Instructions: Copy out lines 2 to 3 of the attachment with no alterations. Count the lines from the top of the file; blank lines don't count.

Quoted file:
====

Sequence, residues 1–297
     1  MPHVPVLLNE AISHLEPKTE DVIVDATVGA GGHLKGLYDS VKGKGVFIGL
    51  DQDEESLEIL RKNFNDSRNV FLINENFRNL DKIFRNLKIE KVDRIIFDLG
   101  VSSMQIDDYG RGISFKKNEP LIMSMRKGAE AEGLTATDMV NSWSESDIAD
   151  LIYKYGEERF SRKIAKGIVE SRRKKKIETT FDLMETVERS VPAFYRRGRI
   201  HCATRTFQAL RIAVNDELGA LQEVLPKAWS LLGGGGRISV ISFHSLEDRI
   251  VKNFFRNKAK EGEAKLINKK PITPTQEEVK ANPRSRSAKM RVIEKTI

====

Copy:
     1  MPHVPVLLNE AISHLEPKTE DVIVDATVGA GGHLKGLYDS VKGKGVFIGL
    51  DQDEESLEIL RKNFNDSRNV FLINENFRNL DKIFRNLKIE KVDRIIFDLG